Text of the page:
On July 16, 2014, the Federal Trade Commission (FTC) issued guidance clarifying compliance issues relating to the Children’s Online Privacy Protection Act (COPPA). COPPA regulates the collection of personal information from children less than 13 years of age online and carries stiff penalties for online service operators who do so without “verifiable parental consent.”
In recent years, the costs and risks of COPPA compliance have soared for startups as the app and mobile economies have developed. The agency has also amended its rules dramatically by limiting the types of information that may be collected or making it harder to collect such information. This latest guidance appears to be a practical response by the agency to some concerns.
In its updated Frequently Asked Questions the agency:
- softened its position on the requirement that an actual credit card transaction must occur in order for an online service operator to rely upon collection of a credit card number as a method to obtain verifiable parental consent (FAQ H.5);
- modified the ability of operators to rely upon and use consent obtained with the help of app stores (FAQ H.10); and
- clarified that app stores are not “operators” subject to COPPA if they are simply making someone else’s child-directed app available to the public (FAQ H.16).
Reliance on Credit Card for Consent
The FTC softened its longstanding position that collection of a parent’s credit or debit card number without execution of a monetary transaction cannot constitute verifiable parental consent. Now, their stance is that it can be. The agency explains:
Although collecting a 16-digit credit or debit card number alone would not satisfy [the verifiable parental consent] standard, there may be circumstances in which collection of the card number — in conjunction with implementing other safeguards — would suffice. For example, you could supplement the request for credit card information with special questions to which only parents would know the answer and find supplemental ways to contact the parent.
Reliance on App Store Account for Consent
The prior version of the FTC FAQs advised developers of children’s apps that they could not rely solely on a parent’s app store account to serve as verifiable consent. Now, app developers CAN use a third party — such as an app store — to get parental consent on the developer’s behalf, so long as the developer confirms that the method is reasonably calculated, in light of available technology, to ensure that the person providing consent is the child’s parent. The agency notes:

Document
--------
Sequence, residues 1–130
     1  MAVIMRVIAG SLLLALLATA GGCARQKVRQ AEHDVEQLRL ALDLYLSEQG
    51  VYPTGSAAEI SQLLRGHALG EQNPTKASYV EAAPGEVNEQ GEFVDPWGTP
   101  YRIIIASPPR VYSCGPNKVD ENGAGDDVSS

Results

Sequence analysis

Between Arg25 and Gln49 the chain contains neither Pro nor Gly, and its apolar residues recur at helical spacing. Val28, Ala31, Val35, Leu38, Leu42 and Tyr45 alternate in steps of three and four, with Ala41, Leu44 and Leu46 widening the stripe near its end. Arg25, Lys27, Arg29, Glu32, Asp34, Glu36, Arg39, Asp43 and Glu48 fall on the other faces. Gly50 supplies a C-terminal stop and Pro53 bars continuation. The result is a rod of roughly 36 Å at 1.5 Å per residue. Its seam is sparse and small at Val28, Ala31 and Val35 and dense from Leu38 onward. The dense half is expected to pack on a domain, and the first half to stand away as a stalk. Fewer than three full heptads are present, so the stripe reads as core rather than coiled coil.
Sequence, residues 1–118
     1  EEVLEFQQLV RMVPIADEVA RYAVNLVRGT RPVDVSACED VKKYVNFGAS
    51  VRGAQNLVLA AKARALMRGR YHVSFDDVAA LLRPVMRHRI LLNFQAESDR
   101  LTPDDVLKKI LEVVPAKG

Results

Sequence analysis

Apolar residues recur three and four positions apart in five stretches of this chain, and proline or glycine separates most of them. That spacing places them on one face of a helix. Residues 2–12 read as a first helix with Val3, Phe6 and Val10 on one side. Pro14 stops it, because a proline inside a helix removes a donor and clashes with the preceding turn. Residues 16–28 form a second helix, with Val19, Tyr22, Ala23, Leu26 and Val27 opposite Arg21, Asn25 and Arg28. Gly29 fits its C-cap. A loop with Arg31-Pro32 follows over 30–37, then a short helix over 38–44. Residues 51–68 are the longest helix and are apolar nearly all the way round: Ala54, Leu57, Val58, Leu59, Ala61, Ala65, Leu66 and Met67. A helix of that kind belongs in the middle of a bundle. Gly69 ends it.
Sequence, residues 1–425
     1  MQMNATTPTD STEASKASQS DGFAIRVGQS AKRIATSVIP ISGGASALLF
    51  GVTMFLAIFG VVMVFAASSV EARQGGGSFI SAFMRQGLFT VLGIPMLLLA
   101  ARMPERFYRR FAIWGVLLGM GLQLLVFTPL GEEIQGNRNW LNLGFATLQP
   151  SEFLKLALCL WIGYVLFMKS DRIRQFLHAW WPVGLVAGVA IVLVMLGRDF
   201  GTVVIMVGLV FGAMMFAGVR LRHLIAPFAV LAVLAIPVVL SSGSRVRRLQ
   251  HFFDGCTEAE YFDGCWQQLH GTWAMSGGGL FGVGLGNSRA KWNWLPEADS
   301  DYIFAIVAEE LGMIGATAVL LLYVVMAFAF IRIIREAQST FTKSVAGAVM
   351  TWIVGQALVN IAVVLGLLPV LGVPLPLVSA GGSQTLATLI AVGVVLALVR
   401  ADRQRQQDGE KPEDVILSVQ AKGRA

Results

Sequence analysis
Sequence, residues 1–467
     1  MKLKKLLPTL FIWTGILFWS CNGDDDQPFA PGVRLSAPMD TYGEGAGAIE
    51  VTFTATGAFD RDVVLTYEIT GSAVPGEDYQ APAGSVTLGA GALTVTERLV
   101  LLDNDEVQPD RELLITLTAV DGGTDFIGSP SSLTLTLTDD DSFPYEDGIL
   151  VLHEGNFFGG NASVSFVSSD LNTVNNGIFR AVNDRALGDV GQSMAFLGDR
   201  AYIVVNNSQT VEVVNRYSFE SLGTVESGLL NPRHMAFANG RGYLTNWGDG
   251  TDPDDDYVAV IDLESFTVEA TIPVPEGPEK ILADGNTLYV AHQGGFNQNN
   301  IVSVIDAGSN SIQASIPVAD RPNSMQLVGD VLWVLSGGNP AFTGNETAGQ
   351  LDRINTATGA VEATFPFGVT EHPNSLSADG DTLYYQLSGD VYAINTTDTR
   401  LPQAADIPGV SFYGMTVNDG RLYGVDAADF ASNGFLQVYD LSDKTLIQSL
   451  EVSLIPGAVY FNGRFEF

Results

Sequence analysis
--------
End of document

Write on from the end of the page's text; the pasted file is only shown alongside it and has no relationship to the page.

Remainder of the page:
The mere entry of an app store account number or password, without other indicia of reliability (e.g., knowledge-based authentication questions or verification of government identification), does not provide sufficient assurance that the person entering the account or password information is the parent, and not the child. You must also provide parents with a direct notice outlining your information collection practices before the parent provides his or her consent.
App Stores Not “Operators” If Only Providing Content Access
App stores or platforms that want to help app developers who operate on their platform by providing a verifiable consent mechanism for developers to use will not be held liable for COPPA violations for failing to investigate an app developer’s privacy practices. In that circumstance, a platform is not an “operator” under COPPA since it is merely offering the public access to someone else’s child-directed content. The agency cautions that platforms should be careful not to misrepresent the level of oversight they provide for a child-directed app or they could face potential liability for deceptive trade practices under Section 5 of the FTC Act.
This new guidance may make it easier for some organizations and platforms to develop products for children or that may be used by children, although it is too early to tell. Critics of the FTC have maintained for years that the practical costs of COPPA compliance have stifled innovation online for children in part because the fines and costs of missteps can be so high. COPPA penalties (up to $16,000 per violation) and the costs of defending an investigation and related fines often run into the hundreds of thousands of dollars even with a successful outcome.